Space can be a problem in Taipei, and sometimes there is precious little room to even open the door of your car. Getting in and out is easier with sliding doors, a fact that has not gone unnoticed by many car manufacturers. We are now seeing the sliding door design on a lot more compact cars and MPVs (multi-purpose vehicles).
The idea of sliding doors is not actually that new: they Sliding doors have been used on vans and SUVs (sports-utility vehicles) for some years now. This is primarily because traditional doors on larger vehicles are simply too big to be opened wide in certain situations, and sometimes passengers might even find it difficult to get out for lack of space to the side of their vehicle. The sliding door was seen as the answer to this problem.
In that case, you might be wondering why car manufacturers are not adopting this new door design on all their cars. The problem is that even though they require less lateral clearance, the vehicle still has to have enough height on the side and space to the rear for the sliding rails to be fitted, which narrows the choice down to larger vehicles and vans.
And there is another thing. Compared to traditional doors, it takes more physical strength to pull the sliding door open and back. To overcome this problem, higher range cars have been fitted with electrically powered slide doors, making them easier to use.
These restrictions had prevented the use of sliding doors on hatchbacks and compact cars in the past and this was especially true for cars like SUVs with their shorter rear sections.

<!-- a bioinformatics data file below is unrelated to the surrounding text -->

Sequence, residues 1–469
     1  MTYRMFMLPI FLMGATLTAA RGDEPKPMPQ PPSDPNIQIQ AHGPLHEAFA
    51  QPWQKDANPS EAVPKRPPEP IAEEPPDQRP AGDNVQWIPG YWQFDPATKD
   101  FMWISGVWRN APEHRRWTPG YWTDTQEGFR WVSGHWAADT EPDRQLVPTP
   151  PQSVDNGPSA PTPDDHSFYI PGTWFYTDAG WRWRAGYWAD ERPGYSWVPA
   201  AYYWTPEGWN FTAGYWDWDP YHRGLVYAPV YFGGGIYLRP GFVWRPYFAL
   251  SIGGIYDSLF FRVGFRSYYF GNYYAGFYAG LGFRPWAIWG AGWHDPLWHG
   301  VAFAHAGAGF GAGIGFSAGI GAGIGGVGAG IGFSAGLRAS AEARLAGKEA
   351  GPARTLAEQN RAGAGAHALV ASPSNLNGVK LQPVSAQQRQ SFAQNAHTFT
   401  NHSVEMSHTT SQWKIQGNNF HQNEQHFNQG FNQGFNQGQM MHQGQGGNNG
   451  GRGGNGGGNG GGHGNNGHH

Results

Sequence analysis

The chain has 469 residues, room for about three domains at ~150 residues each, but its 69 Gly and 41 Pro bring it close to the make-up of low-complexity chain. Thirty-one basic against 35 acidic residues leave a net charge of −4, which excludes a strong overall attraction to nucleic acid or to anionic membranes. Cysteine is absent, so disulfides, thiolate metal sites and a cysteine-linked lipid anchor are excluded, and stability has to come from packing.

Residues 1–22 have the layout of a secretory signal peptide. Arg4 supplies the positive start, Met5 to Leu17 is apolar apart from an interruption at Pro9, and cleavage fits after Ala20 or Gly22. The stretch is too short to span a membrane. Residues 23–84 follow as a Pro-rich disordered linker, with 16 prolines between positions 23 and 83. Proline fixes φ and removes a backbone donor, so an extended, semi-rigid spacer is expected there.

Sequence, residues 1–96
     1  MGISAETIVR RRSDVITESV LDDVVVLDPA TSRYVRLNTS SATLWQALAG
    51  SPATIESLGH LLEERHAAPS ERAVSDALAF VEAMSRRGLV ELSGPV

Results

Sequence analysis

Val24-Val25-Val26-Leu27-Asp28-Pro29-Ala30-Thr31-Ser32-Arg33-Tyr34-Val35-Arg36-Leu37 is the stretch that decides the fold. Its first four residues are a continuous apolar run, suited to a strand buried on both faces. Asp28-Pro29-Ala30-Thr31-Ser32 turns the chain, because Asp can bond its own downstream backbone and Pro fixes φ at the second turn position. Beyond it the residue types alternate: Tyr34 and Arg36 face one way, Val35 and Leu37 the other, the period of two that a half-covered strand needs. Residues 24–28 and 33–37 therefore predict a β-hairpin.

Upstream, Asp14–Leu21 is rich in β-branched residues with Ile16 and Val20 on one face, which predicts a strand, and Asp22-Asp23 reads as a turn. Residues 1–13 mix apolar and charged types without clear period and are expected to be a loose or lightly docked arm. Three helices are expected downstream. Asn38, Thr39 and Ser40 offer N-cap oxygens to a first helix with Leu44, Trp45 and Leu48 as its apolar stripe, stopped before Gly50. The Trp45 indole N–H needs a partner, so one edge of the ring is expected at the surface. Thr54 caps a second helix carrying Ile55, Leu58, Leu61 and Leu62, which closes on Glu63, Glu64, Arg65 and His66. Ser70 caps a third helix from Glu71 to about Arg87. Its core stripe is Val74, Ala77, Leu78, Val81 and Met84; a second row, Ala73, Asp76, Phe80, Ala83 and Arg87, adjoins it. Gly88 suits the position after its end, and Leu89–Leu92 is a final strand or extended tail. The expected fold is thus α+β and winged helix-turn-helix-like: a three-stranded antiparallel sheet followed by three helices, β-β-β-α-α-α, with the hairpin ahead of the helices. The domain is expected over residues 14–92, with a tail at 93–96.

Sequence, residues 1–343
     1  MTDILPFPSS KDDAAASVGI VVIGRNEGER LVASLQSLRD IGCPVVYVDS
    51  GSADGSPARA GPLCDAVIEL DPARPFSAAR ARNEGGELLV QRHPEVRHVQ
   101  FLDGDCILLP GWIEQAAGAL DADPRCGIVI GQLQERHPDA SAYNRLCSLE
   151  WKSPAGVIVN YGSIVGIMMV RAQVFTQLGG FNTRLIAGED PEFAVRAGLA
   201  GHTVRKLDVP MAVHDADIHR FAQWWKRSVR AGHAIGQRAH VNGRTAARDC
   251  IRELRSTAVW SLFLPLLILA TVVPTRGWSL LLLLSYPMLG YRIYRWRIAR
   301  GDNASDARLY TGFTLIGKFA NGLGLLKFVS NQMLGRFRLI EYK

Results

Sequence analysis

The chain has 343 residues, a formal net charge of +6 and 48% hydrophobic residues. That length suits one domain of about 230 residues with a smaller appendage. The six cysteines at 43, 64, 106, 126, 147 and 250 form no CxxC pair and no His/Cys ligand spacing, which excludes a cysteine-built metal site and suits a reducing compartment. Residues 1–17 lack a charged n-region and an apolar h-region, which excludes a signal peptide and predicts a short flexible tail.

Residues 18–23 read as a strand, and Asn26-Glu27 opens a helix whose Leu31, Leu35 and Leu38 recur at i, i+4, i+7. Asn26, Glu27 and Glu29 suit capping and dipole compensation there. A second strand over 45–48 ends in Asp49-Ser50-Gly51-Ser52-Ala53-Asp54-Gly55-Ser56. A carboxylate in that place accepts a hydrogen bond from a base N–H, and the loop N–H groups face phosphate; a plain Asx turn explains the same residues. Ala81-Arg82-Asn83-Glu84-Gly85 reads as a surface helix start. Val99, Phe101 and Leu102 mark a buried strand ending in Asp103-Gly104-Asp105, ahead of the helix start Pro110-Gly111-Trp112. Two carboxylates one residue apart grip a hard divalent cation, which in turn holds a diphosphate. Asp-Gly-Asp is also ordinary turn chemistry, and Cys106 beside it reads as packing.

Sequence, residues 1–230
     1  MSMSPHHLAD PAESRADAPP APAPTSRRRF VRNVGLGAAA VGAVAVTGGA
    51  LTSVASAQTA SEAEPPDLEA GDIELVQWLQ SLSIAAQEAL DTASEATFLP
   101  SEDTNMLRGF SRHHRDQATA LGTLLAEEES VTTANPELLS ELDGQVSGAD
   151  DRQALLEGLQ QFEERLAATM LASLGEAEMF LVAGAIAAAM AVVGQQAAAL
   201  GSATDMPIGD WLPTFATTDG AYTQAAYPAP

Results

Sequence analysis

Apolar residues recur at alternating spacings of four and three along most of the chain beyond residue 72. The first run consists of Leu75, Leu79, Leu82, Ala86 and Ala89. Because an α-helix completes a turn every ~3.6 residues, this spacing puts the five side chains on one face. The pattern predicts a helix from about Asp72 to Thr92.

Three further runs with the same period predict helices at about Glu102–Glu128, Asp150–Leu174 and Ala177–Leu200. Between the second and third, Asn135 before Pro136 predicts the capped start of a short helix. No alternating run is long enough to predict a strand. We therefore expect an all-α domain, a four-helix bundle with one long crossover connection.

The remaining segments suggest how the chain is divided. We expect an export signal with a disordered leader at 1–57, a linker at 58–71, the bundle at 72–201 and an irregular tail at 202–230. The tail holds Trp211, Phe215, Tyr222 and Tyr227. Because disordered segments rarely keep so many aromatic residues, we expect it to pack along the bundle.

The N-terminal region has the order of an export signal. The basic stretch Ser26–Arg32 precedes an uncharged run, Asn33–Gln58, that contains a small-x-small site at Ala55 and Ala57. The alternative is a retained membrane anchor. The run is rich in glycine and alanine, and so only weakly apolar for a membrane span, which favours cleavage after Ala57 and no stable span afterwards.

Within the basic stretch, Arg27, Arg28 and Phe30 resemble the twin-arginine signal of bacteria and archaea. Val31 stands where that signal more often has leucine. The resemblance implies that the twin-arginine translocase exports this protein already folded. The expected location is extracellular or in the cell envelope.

Car designers never forgot the advantages offered by the Car designers never forgot the advantages offered by the sliding doors concept and as MPVs and cars with higher storage areas became more popular, we started seeing a lot more sliding doors.
In the 2002 Paris Motor Show Peugeot unveiled a car with the "Sesame" design concept, incorporating the more ample rear storage space with the convenience of sliding doors.
At this year's Geneva Motor Show people were introduced to the new Opel Trixx and its small car concept, with sliding doors opening to the rear and front. This design not only made it much more convenient to get in and out, but offered a highly versatile interior concept.
A few months later, the "Sesame" design was reincarnated in the Peugeot 1007, bringing together the practicality of a spacious compact and the convenience of sliding doors. At the same time, this had the effect of getting other car manufacturers wanting to get in on the act.
The Mazda 5, previously kept under wraps save for the release of a few photos of the exterior, finally made an appearance at this year's Paris Motor Show.
The Western motor media, in general, had originally thought the new car was to be next in line in the MPV and SUV range, but at this show they found out that it was in fact successor to the Premacy. Apparently, Mazda had also come to the conclusion that sliding doors were the best way to assure ease of access to the back seats of their new car.
Translated by Paul Cooper